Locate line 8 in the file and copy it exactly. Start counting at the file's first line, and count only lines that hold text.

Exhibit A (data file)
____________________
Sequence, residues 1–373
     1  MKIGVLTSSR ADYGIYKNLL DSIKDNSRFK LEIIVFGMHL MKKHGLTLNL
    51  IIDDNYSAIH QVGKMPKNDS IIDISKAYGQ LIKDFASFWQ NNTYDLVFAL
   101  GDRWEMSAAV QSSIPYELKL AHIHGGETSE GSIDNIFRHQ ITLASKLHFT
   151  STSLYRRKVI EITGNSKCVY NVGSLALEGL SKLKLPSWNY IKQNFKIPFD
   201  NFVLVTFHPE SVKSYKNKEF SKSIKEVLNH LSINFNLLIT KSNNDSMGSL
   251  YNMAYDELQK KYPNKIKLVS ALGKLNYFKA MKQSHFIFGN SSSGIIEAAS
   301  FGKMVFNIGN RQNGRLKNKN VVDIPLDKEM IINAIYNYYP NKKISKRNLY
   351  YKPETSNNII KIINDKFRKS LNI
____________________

   301  FGKMVFNIGN RQNGRLKNKN VVDIPLDKEM IINAIYNYYP NKKISKRNLY